Iannacone has moved for summary judgment dismissing the claim asserted against him. He argues that Finkel cannot establish a basis for holding him personally liable for Limited's alleged ERISA violations, because the evidence fails to support the elements of a common law fraud claim. He further argues that Finkel's amended complaint does not allege fraud with the particularity required by Fed. R. Civ. P. 9(b). Oral argument on the motion was held on October 29, 2010. For the reasons stated below, Iannacone's motion for summary judgment is denied.


A. Terms of the Applicable

Collective Bargaining Agreements Limited is a member of the Association of Electrical Contractors, Inc. ("AEC") and has agreed to be bound to the terms of CBAs entered into by AEC and Local 3. (Def. Iannacone's 56.1 Stmt., Sept. 24, 2010, ECF No. 40 ("Def.'s 56.1 Stmt.") ¶¶ 19-20, 22.) These include a 2007 CBA effective from May 10, 2007 through May 13, 2010 and a 2010 CBA effective from May 14, 2010. (Id. ¶ 22; Am. Compl., July 19, 2010, ECF No. 31 ("Am. Compl.") ¶¶ 15-16.) Pursuant to these CBAs, Limited is required to remit certain contributions to a number of employee benefit plans within the meaning of Sections 3(3) and 3(37) of ERISA, 29 U.S.C. §§ 1002(3), 1002(37).*fn1 (Am. Compl. ¶ 18, 5.) JIB is the administrator and fiduciary of these plans within the meaning of Sections 3(16)(A)(i) and 3(21)(A) of ERISA, 29 U.S.C. §§1002(16)(A)(i), 1002(21)(A), and is therefore a third-party beneficiary of the CBAs. (Am. Compl. ¶ 5; Def.'s 56.1 Stmt. ¶ 16.; Pl.'s 56.1 Stmt. ¶ 18.)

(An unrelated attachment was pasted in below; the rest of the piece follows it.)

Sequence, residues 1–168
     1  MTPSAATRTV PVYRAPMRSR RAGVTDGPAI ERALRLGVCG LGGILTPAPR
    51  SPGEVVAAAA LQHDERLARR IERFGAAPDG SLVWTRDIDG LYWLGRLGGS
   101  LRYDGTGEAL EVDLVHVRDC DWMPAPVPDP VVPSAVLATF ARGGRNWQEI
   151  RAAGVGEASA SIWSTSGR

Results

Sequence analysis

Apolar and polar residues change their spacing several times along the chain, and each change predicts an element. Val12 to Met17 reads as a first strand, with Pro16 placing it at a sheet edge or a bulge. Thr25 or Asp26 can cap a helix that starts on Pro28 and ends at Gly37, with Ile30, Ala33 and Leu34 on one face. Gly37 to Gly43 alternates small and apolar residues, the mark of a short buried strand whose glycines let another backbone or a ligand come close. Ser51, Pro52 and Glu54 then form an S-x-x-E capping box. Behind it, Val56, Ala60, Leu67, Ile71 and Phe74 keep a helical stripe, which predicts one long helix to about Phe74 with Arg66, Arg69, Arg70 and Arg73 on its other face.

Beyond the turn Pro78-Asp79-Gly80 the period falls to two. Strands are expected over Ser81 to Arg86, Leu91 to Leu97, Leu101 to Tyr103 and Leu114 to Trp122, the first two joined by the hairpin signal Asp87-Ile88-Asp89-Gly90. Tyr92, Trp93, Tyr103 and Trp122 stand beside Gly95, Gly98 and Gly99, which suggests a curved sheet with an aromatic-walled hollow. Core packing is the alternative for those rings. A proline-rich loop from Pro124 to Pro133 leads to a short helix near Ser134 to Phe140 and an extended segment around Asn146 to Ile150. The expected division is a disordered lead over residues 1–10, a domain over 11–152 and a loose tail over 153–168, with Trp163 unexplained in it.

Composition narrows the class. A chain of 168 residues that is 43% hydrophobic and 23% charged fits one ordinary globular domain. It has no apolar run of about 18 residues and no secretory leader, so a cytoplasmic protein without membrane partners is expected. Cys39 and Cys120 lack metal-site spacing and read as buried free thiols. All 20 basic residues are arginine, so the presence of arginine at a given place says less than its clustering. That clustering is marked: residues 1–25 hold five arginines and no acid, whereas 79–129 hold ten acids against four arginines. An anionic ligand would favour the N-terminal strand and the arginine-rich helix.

Contributions to the ERISA plans are to be made according to rates set out in the CBAs and are based on the number of hours worked by employees performing covered work as defined in the CBAs. (Id. ¶ 18; Pl.'s 56.1 Stmt., Oct. 15, 2010, ECF No. 49 ("Pl.'s 56.1 Stmt.") ¶¶ 26-50.) Pursuant to the 2007 CBA, covered work includes the assembly, construction, and installation of electrical equipment, appliances, and apparatuses.*fn2 (Decl. Opp. Mot. Summary Judgment by Christina Sessa, Oct. 15, 2010, ECF No. 46 ("Sessa Decl."), Ex. A at 5 (2007 CBA, Article I, Section 2(c)).) In addition, the CBA provides: